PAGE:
How The National Review Bastardizes James Hansen’s Global Warming Research

Jason Steorts is on the defensive about his National Review cover story on global warming “Scare of the Century.” Steorts’s article seeks to dismiss the conclusion of thousands of climate scientists on the Intergovernmental Panel on Climate Change that global warming is real, the result of human activity and, if unmitigated, will have grave consequences.

In his latest response to our critique, Steorts enlists James Hansen — the NASA climate scientist who was famously muzzled by the Bush administration for his outspoken views about the dangers of global warming — to bolster his point. Steorts quotes Hansen as saying “the IPCC scenarios are unduly pessimistic.”

Steorts never links to Hansen’s actual writing, but to a blog written by fellow climate skeptics characterizing Hansen’s work. Here’s what James Hansen actually said:

There are reasons to believe that the IPCC scenarios are unduly pessimistic. First, they ignore changes in emissions, some already underway, due to concerns about global warming. Second, they assume that true air pollution will continue to get worse, with O3, CH4 and BC all greater in 2050 than in 2000. Third, they give short shrift to technology advances that can reduce emissions in the next 50 years.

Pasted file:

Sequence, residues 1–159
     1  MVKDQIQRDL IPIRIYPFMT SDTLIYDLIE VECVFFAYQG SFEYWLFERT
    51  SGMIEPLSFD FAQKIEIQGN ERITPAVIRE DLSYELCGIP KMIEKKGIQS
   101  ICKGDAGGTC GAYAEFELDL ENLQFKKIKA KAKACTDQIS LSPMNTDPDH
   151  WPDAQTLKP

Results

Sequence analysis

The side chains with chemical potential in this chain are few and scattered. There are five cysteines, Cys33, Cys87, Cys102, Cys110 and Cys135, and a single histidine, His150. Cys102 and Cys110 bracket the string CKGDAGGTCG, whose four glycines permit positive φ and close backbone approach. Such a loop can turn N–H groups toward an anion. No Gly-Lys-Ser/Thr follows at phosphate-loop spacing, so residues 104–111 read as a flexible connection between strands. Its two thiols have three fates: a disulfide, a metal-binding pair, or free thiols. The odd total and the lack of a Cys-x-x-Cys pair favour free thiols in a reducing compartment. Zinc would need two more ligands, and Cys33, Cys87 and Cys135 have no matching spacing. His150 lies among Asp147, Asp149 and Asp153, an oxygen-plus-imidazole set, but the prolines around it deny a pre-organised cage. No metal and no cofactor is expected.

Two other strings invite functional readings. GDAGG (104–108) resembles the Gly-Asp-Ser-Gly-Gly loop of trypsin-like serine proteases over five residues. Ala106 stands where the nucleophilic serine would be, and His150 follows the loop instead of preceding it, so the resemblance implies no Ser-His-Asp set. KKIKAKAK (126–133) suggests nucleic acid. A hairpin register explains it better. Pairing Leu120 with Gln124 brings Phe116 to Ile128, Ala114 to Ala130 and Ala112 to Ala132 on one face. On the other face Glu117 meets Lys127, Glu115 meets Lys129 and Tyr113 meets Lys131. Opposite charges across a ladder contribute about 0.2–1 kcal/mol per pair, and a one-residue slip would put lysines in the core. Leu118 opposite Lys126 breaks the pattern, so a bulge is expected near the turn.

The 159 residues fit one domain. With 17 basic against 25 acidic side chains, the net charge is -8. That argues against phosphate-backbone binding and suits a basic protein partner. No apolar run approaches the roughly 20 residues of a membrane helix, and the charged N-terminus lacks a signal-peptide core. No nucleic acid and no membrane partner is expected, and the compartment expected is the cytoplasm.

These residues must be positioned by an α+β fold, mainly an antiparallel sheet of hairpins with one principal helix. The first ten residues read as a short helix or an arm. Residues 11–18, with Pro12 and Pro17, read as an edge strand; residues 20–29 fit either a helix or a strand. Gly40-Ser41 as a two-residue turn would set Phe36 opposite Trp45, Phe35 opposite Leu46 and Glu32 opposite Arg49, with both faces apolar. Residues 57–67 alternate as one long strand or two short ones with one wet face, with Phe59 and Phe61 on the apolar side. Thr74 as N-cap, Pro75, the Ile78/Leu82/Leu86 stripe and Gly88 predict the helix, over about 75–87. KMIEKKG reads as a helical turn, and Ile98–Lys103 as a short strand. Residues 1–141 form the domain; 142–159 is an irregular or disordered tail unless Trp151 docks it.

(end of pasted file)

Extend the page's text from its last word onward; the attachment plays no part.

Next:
In other words, Hansen’s article is a call to action. He argues that we can reduce the impact of global warming if we limit carbon dioxide emissions, control air pollution and adopt new technologies. Here’s how the same article begins:

Global warming is real, and the melting ice is an apt portent of potentially disastrous consequences… Study of these forcing agents shows that global warming can be slowed, and stopped, with practical actions that yield a cleaner, healthier atmosphere.

Steorts uses the same tactic when he notes that Hansen “looked at the instrumental record and predicted 0.75 degrees of warming by 2050.” Actually Hansen predicts that amount of warming if the growth in air pollutants and carbon dioxide emissions can be stopped.


Steorts takes a couple of words from Hansen’s call to action totally out of context to argue that action is unnecessary. This isn’t a real argument, it’s a shell game.